What a drag it is getting old”Kids are different today” I hear ev’ry mother say Mother needs something today to calm her down And though she’s not really ill There’s a little yellow pill She goes running for the shelter of a mother’s little helper And it helps her on her way, gets her through her busy day”Things are different today” I hear ev’ry mother say Cooking fresh food for a husband’s just a drag So she buys an instant cake and she burns her frozen steak And goes running for the shelter of a mother’s little helper And two help her on her way, get her through her busy dayDoctor please, some more of these Outside the door, she took four more What a drag it is getting old”Men just aren’t the same today” I hear ev’ry mother say They just don’t appreciate that you get tired They’re so hard to satisfy, You can tranquilize your mind So go running for the shelter of a mother’s little helper And four help you through the night, help to minimize your plightDoctor please, some more of these Outside the door, she took four more What a drag it is getting old”Life’s just much too hard today” I hear ev’ry mother say The pursuit of happiness just seems a bore And if you take more of those, you will get an overdose No more running for the shelter of a mother’s little helper They just helped you on your way, through your busy dying day
It started about a
month ago. One of those breezy, well-intentioned statements of commitment which
was well wrapped in the ‘sometime in the future’ mantra.
It had got to the
stage that not only were there piles of books everywhere but the piles were collapsing.
On the odd occasions when I went looking for a book I couldn’t find it. More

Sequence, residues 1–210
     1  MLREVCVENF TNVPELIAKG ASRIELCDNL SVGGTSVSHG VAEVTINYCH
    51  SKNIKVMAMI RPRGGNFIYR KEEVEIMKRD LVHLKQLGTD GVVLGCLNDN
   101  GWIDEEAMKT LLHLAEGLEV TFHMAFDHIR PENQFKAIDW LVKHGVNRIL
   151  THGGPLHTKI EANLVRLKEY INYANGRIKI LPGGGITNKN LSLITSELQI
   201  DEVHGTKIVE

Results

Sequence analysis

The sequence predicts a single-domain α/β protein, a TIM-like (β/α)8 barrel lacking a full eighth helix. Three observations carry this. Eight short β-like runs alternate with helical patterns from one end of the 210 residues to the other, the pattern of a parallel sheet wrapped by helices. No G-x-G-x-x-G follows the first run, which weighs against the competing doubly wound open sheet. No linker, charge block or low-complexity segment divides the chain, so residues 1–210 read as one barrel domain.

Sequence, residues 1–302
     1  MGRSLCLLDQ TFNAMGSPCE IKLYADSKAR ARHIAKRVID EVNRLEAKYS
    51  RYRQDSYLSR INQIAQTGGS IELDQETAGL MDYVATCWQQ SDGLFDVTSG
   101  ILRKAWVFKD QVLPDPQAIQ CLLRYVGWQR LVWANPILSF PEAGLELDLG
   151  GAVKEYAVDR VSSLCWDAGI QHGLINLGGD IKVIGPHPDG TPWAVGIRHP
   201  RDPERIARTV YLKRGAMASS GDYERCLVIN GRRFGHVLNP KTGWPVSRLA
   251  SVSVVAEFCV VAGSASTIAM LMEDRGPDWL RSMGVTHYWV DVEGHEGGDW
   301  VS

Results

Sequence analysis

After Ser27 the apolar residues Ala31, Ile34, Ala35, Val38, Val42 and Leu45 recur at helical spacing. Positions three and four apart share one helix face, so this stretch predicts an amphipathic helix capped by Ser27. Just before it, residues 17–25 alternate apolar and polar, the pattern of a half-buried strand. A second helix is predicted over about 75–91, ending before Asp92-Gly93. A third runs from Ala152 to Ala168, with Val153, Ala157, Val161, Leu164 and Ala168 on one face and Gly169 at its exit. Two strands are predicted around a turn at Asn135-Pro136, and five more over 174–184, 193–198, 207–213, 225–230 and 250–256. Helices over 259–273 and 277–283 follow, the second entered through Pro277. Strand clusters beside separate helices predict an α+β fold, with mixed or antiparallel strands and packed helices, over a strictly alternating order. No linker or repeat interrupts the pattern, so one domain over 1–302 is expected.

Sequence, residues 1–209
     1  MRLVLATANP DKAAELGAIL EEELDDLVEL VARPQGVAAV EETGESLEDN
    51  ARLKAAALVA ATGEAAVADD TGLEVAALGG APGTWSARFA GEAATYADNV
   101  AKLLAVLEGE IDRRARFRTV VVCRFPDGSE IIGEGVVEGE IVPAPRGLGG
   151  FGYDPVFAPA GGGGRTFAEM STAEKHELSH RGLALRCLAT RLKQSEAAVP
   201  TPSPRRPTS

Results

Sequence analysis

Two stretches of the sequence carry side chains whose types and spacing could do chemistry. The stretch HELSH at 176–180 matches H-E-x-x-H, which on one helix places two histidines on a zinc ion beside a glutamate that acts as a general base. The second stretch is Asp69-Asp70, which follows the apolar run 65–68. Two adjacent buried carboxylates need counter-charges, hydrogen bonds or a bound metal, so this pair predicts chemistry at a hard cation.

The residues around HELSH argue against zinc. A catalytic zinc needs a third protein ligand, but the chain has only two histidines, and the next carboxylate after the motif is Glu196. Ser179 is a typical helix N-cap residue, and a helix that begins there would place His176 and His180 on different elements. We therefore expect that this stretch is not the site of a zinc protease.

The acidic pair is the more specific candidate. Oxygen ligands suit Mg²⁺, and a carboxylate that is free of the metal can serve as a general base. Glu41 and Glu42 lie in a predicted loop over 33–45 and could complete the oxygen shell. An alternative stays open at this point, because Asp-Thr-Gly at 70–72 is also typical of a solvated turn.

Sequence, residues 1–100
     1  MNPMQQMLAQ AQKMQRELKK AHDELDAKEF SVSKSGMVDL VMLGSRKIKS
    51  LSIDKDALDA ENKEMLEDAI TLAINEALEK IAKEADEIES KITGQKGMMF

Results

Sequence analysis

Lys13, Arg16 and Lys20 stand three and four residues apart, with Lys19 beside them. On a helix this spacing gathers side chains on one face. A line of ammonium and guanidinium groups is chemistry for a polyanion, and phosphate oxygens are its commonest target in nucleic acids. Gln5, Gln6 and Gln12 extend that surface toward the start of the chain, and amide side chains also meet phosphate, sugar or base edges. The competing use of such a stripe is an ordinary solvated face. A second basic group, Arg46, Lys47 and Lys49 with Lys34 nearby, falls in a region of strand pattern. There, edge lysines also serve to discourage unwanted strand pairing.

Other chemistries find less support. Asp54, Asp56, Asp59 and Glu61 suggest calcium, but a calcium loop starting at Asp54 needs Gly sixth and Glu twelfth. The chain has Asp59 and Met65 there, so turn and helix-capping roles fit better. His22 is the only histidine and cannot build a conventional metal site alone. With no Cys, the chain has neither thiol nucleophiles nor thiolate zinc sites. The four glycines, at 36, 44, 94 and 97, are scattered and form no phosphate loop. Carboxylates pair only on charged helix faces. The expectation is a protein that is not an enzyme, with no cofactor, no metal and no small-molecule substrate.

usually I’d be picking up books near at hand, those lapping on my armchair
island, those books carried in by tides of daily impulsive purchases. I’d be
reading bits of maybe six books each day. Meanwhile, the volume of unread books
grew physically, and so did a gnawing and persistent unease.
I was disrespecting books. The puritan minimalist in me envied the reader who sits in a superbly organised library while enjoying the riches of one book at a time. So, a month ago, I ordered yet another bookcase which currently joins the book piles, forgotten, unassembled.
This morning I was
subject to disaster. Yesterday, among the books delivered to me was the Penguin
hardback version of Marcus Aurelius’ Meditations.
I already have paperback editions – somewhere – but felt Marcus deserved
special treatment. The Penguin version is what a book should be, beautifully
made and printed. I spent a moment smelling it then placed it on the pile to
the left of my armchair which is next to a bookshelf I use for not only books
but varieties of detritus such as elastic bands, old pens, and where I place my
drinks. Thus it was that I contrived to knock over and spill a full mug of tea.
That did it. I’ve
been three hours now sorting books in my main room. I’ve got some empty boxes
somewhere so I have made a big pile for the charity shops, maybe 50 books, most
of which I haven’t read. Each title reminds me of a time maybe a month, maybe a
year ago when I developed an inexplicable interest in subjects I knew nothing